On the painting Old Trees and Wintry Crows, the anonymous painter inscribes the name of Wang Hui, an early Qing-dynasty (1644–1911) painter, to show admiration. This also suggests an emulation of Wang’s style—dots and long and short brushstrokes combine to create a dense composition.
Lifeless trees and crows dominate the painting and construct a desolate mood, similar to the scenery in Ma Zhiyuan’s Autumn Thoughts. “People’s homes” suggest comfort, but accentuate the overall desolation. Ma, living in the Yuan dynasty (1271–1368), might have used the deserted scene as a metaphor for his country invaded by Mongols. Thus, the homeless and lonely traveler in the poem possibly refers to himself.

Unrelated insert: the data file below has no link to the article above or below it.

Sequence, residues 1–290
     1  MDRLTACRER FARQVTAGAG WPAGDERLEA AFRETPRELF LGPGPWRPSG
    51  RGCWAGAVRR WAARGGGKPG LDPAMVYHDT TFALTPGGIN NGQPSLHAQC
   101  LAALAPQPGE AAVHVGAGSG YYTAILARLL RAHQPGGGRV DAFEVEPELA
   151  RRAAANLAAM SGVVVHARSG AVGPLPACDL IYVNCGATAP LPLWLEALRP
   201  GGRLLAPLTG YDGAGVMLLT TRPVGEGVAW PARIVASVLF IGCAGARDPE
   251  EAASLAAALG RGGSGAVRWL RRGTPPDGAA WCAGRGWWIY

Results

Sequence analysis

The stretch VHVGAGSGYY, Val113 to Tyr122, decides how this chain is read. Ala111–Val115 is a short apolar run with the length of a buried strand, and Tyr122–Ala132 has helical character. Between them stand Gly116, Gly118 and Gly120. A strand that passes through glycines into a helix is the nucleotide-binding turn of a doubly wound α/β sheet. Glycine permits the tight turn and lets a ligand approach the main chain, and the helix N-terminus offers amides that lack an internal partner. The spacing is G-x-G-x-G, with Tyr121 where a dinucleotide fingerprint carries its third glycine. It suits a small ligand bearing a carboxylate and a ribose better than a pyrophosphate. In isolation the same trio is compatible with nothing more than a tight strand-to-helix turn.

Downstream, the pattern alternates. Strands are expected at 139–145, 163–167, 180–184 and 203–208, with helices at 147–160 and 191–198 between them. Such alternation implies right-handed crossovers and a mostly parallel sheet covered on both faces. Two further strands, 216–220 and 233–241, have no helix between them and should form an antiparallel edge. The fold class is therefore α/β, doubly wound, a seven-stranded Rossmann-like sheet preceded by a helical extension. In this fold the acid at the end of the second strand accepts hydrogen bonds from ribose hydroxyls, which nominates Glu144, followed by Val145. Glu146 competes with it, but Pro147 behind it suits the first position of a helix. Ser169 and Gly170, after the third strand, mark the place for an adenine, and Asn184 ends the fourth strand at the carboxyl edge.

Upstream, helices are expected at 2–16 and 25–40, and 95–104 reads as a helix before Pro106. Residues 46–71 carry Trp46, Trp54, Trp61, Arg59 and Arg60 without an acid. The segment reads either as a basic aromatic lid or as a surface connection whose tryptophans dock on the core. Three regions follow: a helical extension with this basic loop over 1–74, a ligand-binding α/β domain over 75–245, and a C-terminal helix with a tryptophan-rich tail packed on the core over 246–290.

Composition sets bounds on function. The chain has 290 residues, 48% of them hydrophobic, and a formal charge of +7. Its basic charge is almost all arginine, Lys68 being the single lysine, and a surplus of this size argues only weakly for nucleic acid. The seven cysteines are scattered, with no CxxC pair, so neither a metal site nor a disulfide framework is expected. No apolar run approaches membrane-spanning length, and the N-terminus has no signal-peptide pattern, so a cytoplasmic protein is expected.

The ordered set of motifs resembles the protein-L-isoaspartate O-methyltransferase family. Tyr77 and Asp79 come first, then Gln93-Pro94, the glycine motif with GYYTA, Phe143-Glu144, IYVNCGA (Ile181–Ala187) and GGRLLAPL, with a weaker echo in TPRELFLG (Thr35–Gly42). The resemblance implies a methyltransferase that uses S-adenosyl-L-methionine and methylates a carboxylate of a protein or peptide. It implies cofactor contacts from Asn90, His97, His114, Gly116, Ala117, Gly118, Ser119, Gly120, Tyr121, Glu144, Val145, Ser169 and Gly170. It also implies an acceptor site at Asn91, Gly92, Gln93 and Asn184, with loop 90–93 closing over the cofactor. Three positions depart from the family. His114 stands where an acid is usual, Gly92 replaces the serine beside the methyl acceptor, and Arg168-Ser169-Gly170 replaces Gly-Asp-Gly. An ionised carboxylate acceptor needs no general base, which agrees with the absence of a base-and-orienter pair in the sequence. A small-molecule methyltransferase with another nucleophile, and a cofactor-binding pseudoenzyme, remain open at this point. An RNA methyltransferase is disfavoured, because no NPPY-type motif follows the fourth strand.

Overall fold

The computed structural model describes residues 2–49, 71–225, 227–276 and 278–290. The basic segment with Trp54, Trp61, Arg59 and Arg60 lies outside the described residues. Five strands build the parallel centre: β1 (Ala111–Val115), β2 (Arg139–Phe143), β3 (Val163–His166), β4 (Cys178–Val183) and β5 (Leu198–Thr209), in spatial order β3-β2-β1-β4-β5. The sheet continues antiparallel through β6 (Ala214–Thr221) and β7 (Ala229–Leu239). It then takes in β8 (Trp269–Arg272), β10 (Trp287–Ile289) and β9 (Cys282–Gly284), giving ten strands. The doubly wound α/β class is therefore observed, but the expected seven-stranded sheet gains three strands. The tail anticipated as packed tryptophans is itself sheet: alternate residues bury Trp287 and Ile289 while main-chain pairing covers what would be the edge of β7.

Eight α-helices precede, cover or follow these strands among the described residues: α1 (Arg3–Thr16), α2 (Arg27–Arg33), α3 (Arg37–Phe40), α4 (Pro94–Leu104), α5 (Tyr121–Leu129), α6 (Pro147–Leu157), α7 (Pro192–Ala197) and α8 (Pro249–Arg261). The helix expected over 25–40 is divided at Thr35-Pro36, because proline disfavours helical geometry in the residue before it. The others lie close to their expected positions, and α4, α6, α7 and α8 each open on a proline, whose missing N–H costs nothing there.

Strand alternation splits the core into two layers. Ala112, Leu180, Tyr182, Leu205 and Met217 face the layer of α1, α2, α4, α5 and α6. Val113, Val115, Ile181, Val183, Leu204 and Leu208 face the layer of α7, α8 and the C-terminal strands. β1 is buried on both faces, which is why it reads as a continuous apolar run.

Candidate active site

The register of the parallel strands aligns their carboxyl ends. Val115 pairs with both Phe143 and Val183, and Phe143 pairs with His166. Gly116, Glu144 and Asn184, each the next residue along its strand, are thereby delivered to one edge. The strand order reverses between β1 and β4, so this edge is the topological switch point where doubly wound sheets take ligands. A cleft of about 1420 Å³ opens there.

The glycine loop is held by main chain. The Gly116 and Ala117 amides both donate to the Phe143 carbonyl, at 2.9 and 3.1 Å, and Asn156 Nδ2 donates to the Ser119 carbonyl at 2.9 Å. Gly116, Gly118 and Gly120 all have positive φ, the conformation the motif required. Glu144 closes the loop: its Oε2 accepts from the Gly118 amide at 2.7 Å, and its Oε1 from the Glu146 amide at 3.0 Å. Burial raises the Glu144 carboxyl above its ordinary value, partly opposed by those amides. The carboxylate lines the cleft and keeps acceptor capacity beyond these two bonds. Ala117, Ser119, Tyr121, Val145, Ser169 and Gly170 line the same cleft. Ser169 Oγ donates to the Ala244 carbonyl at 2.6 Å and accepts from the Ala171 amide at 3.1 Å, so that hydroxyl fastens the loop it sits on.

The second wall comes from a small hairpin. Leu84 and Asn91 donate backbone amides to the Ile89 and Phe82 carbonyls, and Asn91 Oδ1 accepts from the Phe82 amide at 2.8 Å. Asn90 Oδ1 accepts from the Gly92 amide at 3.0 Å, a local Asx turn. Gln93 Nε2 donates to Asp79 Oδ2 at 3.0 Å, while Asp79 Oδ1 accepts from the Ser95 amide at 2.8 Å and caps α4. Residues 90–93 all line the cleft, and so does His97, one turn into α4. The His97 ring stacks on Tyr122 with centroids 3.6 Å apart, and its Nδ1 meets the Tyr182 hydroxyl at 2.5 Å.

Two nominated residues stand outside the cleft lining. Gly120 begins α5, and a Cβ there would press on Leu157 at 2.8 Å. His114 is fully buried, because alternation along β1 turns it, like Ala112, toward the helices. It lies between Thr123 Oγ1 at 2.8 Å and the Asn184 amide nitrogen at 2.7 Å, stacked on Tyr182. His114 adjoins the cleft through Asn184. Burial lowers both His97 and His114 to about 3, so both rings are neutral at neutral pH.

Composed hundreds of years earlier, Ma’s poem may have inspired the painter. The painter also witnessed a historical transition and used the desolate painting to depict 19th-century China where rebellions and wars occurred. The vague ink wash under the artist’s seals could suggest the back shadow of a homeless traveler in the poem and also likely refers to the artist who lost a place to stay. Thus, the painting parallels the poem not only visually, but also spiritually.
Poem selection and label by Xiaoqing Luo ’18